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Daniel arap Moi

From Academic Kids

Daniel Toroitich arap Moi (born September 2, 1924) was the President of Kenya from 1978 until 2002.

Born in Sacho, Baringo district, Rift Valley province, Daniel arap Moi was raised by his mother Kimoi Chebii following the early death of his father. After completing his secondary education, he attended the Teacher Training College in Kapsabet. He worked as a teacher from 1946 until 1955.

Moi entered politics in 1955, when he was elected Member of the Legislative Council for Rift Valley. Together with Ronald Ngala, he founded the Kenya African Democratic Union (KADU) in 1960, to challenge the Kenya African National Union (KANU) led by Mzee Jomo Kenyatta. KADU's aim was to defend the interests of the small minority tribes, such as the Kalenjin to which Moi belonged, against the dominance of the big Luo and Kĩkũyũ tribes that comprised the majority of KANU's membership (Kenyatta himself being a Kĩkũyũ). KADU pressed for a federal constitution, while KANU was in favour of centralism. The advantage lay with the numerically stronger KANU, and the British government was finally forced to remove all provisions of a federal nature from the constitution.

Re-elected Member of the Legislative Council for Rift Valley in 1957, and then as MP for Baringo North in 1961, Moi became Minister of Education in the pre-independence government of 19601961.

After Kenya's independence on December 12, 1963, convinced by Kenyatta of the necessity to unite forces in order to complete the decolonisation process, Moi agreed to merge KADU with KANU. Thus Kenya became a de facto one-party state, dominated by the Kĩkũyũ-Luo alliance. Kenyatta thanked Moi by promoting him, first to Minister for Home Affairs in 1964, and then to vice-president in 1967.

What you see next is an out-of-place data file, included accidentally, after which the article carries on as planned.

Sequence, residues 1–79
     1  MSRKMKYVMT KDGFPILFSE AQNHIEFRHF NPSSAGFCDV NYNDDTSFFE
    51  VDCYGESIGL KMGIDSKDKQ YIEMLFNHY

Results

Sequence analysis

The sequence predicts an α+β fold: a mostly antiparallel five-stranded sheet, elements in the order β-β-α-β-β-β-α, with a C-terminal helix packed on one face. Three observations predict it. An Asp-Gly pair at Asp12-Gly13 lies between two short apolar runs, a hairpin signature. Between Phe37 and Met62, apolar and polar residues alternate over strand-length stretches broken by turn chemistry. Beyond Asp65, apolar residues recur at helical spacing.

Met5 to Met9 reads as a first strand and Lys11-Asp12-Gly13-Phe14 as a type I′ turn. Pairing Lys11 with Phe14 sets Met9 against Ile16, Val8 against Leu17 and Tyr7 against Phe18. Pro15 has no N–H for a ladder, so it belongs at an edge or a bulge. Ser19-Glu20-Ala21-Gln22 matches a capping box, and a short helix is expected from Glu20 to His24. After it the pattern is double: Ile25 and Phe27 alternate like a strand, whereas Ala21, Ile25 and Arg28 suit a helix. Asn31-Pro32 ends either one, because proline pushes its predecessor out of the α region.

President Moi and US President Bush at the UN headquarters in New York on November 10, 2001.
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President Moi and US President Bush at the UN headquarters in New York on November 10, 2001.

Having thus become Kenyatta's right-hand man, Moi smoothly stepped into his place when "the Father of Independence" died on August 22, 1978. Initially he was popular, but Kĩkũyũ resentment against his elevation and economic recession gradually sapped his regime's perceived legitimacy. After a failed coup attempt by a group of Air Force officers on August 1, 1982, Moi changed the constitution to establish a de jure one-party state, and resorted to strong-arm rule, including torture and imprisonment without trial. This led the United States to withhold aid in the late 1980s, whereupon he was forced to restore a multiparty system in December 1991. Moi won elections in 1992 and 1997, but many people were killed in events related to each, and Moi was widely suspected of exploiting ethnic tensions in these contests.

Over the years, Moi's regime became increasingly corrupt. Political violence damaged the tourism industry, and reform programmes imposed by the IMF and the World Bank did not succeed in lifting the country out of the economic quagmire. He was also heavily implicated in the Goldenberg scandal.

Constitutionally barred from running in the 2002 presidential elections, Moi unsuccessfully promoted Uhuru Kenyatta, the son of Kenya's first President, as his successor. In what arguably were the country's first free and fair elections, a rainbow coalition of opposition parties routed the ruling KANU party, and its leader, Mwai Kibaki, was elected President by a slim majority which was confirmed on December 29, 2002.

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